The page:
Saturday, April 24, 2021

Avoid This Way to Confuse Your Readers


by Zena Dell Lowe @ZenaDellLowe

One of the things we don’t talk about enough in writing is how easy it is to accidentally confuse the reader. Have you ever been trucking along, totally engrossed in a story, and then all of a sudden, you stumble across a paragraph or a sentence that makes you go, “Huh?” When this happens, it immediately yanks the reader out of the story. And that’s a bad thing. Of course, sometimes this happens because we have made the error – perhaps we’ve been reading too fast and so we missed a key word or clue. If this is the case, it’s easy enough to correct. But if the problem resides with the writer/writing, well, it’s another matter completely.

It could be argued that one of the main duties of a writer is to make sure that he or she writes in such a way as to keep the reader engaged and invested in the story. It’s essential that we do everything possible to keep our readers “in” it. We never want them to be taken out of it. And nothing takes a reader out of a story faster than confusion. The moment we find ourselves confused, we have already checked out of the story. The good news is that many of these “confusion causing” mistakes can be avoided. Today, I’d like to point out one of the more common ones that I consistently see in the work I’m critiquing and reviewing. Hopefully, this may help you to avoid this same pitfall in your own work. 

PROBLEM ONE:
One surefire way to confuse your audience is to fail to clarify who “he” or “she” is in the text.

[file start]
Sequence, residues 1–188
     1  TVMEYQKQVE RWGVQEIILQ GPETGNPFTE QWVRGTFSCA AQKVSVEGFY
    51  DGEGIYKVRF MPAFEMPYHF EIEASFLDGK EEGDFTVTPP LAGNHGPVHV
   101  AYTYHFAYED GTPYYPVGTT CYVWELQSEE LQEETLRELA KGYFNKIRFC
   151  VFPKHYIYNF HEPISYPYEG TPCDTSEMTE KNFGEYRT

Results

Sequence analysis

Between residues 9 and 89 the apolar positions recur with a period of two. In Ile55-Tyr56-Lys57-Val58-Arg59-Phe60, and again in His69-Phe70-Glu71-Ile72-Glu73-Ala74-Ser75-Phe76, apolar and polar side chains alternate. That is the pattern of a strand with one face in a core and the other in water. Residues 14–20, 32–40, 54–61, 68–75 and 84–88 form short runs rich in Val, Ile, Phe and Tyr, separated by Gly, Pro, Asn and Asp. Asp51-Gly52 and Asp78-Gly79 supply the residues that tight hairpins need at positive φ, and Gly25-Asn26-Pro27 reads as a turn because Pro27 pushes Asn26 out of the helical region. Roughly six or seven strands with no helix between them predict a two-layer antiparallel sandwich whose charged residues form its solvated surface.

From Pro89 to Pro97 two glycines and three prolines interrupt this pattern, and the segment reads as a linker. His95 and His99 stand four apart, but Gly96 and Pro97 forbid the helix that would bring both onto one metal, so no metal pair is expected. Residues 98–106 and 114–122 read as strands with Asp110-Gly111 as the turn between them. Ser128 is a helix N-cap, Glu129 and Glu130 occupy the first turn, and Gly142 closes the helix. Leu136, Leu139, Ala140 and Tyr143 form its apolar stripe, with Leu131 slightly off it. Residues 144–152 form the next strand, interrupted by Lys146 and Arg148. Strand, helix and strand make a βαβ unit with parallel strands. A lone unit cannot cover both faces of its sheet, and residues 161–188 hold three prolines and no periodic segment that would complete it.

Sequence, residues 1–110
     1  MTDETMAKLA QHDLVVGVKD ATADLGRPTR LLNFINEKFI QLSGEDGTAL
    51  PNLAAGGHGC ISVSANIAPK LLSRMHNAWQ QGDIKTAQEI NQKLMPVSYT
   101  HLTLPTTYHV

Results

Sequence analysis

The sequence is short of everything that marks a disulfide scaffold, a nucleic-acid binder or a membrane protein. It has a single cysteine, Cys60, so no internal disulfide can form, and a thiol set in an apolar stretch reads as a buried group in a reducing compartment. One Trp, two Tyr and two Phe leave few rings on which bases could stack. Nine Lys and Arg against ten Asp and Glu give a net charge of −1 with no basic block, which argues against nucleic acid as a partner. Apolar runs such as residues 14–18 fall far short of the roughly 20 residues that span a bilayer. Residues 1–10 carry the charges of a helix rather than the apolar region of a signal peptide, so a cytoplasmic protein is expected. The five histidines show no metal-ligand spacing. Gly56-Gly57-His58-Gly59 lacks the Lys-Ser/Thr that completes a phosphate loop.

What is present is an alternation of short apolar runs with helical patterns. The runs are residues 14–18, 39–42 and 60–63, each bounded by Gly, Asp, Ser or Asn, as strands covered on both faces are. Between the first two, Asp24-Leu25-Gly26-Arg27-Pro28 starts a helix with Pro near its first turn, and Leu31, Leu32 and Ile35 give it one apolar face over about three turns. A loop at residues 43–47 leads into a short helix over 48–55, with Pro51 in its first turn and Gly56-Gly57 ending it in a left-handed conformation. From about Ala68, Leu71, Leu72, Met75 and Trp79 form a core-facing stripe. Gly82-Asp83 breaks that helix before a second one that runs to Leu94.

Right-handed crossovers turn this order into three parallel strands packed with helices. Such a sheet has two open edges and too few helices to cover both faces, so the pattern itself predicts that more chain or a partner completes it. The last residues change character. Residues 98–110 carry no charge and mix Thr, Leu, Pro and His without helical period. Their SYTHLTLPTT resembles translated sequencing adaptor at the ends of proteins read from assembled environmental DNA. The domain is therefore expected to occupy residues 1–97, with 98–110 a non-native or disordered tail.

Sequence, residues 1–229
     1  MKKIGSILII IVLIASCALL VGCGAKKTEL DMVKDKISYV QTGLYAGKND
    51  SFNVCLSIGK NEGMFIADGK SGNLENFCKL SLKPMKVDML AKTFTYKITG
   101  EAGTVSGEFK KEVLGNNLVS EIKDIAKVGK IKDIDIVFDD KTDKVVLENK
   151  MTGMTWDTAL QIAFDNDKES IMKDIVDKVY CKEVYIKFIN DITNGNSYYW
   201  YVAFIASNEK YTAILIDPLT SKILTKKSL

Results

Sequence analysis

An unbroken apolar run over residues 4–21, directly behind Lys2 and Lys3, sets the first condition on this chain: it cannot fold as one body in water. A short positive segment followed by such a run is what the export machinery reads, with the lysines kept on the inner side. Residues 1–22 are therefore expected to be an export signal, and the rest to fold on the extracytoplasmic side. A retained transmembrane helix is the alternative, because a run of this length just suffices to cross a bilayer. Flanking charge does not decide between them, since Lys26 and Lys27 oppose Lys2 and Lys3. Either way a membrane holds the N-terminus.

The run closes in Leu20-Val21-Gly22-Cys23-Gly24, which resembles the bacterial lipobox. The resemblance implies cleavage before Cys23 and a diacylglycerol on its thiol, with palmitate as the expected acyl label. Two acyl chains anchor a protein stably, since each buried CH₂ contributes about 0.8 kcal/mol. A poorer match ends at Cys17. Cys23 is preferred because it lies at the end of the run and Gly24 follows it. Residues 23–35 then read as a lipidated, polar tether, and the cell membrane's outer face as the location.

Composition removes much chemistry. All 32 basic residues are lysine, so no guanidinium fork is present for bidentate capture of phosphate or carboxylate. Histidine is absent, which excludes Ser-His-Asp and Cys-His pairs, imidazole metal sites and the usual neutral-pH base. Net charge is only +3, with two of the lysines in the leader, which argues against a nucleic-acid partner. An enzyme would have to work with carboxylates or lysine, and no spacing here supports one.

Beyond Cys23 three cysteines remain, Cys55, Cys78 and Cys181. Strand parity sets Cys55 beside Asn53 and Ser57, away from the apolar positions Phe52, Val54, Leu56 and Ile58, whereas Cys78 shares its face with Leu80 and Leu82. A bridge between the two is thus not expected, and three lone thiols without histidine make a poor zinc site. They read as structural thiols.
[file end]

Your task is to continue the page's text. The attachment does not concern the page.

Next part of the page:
I read a novel recently about two sisters who were going through some kind of life crisis together. The story was told in third person, and, not surprisingly, the sisters shared many of the scenes together. However, the author kept using the reference “she” in the body of the narrative, but often failed to clarify which of the two female characters “she” meant. The text would read something like: 

"Oh, sure. Go ahead and judge me. Not like you've never done that before," Mary said. 

"Would you please stop being so paranoid?” Jo responded. “I thought you got over that in the eighth grade." 

She scowled, her hands clasping involuntarily into a fist. 

Do you see the problem here? As the reader, I don’t know who “she” is. Maybe it’s Jo since Jo was the last character to speak, but maybe it’s Mary’s response to Jo. The context gives no help since the description could apply equally to both characters. Thus, it’s unclear to me which sister is doing the scowling and involuntarily clasping her hands into fists.